Joseph Schumpeter (1883 -1950) came from the Austrian School of economics and was thus a strong proponent of the free-market. In his book, ‘Capitalism, Socialism and Democracy’, he sought to defend capitalism based primarily on the grounds that capitalism sparks entrepreneurship. He is widely considered to be one of the forefathers of entrepreneurship within academia.
Schumpeterian economics placed great emphasis on entrepreneurs being agents of change and drivers of innovation. Introducing new products/services into the economy brings about this change and innovation. Moreover, Schumpeter believed that entrepreneurs were a destructive force (forming part of his ‘Creative Destruction’ theory) because their new products/services that entered the market resulted in the demise and obsolescence of other products/services.
If we look back to the most of the 20th century, there is much evidence of this – cars, electricity, television, airplanes, mobile phones, digital cameras, CD’s etc. Now, in the 21st century we find ourselves in a different era, where products of the 20th century have proven their viability. Today, entrepreneurs are either opening up completely new markets or carving out niches within existing markets, and therefore creating complementary products/services to something that already exists. Either way, we are not witnessing nearly as much of Schumpeter’s ‘creative destruction’ as perhaps we may have 50 years ago, but rather what I would prefer to call “creative disruption”. The trend we are now becoming accustomed to falls within exactly what economist Israel Kirzner called the ‘process of discovery’ in entrepreneurship. Unlike Schumpeter’s disruptive force, Kirzner’s theory is one of equilibrium. Instead of pushing another product/service out of the market, the ‘process of discovery’ advocates finding profit opportunities that previously went unnoticed. Equilibrium is restored via new entrants to the ‘niche’ market, who eventually eliminate the profit opportunity.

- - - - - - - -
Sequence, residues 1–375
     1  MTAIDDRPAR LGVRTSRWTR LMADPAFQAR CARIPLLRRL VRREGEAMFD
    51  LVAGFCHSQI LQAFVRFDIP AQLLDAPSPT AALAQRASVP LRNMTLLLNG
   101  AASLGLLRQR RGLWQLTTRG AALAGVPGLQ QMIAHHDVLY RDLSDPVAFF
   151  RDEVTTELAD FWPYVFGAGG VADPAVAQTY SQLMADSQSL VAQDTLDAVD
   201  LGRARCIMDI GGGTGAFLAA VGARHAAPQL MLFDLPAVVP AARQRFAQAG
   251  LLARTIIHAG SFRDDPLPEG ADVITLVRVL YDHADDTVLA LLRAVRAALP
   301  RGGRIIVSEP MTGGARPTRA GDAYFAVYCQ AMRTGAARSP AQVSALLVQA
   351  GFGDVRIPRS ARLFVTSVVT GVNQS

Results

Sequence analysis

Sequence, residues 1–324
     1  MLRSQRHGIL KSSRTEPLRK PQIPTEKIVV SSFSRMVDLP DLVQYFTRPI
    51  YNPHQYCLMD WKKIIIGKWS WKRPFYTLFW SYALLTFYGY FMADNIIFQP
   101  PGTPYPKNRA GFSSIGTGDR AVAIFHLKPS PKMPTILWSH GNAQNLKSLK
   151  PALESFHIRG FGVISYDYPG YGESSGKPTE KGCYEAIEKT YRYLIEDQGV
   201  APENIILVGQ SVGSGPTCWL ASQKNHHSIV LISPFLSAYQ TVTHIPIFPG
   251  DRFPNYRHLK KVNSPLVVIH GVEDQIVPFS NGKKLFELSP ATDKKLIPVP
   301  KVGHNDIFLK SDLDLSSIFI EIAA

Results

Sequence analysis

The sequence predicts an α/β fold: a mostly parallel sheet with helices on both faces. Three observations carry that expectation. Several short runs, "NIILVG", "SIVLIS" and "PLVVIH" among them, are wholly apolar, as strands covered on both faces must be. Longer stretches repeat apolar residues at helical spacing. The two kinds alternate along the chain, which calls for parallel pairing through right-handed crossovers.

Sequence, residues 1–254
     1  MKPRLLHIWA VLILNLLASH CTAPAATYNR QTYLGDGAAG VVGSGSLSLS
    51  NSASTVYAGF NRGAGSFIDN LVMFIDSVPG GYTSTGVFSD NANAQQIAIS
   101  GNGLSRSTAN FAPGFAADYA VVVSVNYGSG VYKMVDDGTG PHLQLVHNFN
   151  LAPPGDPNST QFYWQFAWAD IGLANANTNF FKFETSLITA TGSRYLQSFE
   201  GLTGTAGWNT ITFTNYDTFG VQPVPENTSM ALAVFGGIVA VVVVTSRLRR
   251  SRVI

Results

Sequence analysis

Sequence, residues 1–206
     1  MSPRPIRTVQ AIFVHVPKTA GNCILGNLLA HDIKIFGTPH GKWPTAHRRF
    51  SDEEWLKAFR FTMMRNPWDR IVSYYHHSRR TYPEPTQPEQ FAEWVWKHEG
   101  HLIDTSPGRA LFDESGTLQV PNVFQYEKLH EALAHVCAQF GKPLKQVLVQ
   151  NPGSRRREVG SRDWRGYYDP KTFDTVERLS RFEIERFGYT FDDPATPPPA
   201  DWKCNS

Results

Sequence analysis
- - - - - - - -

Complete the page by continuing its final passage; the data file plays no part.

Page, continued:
Kirzner’s ‘process of discovery’ theory very much embodies the tech start-up scene at present. We just have to look at a list of London start-ups to validate this: ubiCabs, Adzuna, Bandeka, apsmart, brightlemon, datasift, everlution, housetrip, ideo, etc. None of these start-ups are shaking up established markets with their ideas. Rather, they are seeking to complement existing markets, or creating niches or micro-niches that offer something new to the consumer. Overall the premise of these start-ups is to make our lives easier. If you speak to the founders of these companies, many of them will tell you, that their idea creation spurned from an existing issue/problem/void that they found in day-to-day life. Its not so much about ‘raffling feathers’ and ‘throwing punches’ anymore, but more about simple augmentation in positive sum terms. Schumpeter’s ‘creative destruction’ theory is waning in this modern era. Yes, Facebook and Google are modern examples of tech behemoths, but their success hasn’t resulted in the complete obsolescence of services that stood before them. Granted, the same cannot be said about Amazon. Amazon is ostensibly responsible for the demise of the bricks-and-mortar bookstore. But, this is just one example, and in actual fact, over the last decade there are not many examples that come to mind. Is this because the opportunities that lie within niche markets are greater and contain less risk? Or, is it that ingenuity within an established market only comes round once a decade? Regardless of the answer, the Kirznerian economic approach to entrepreneurship certainly wins more plaudits in 2012 than the Schumpeterian one.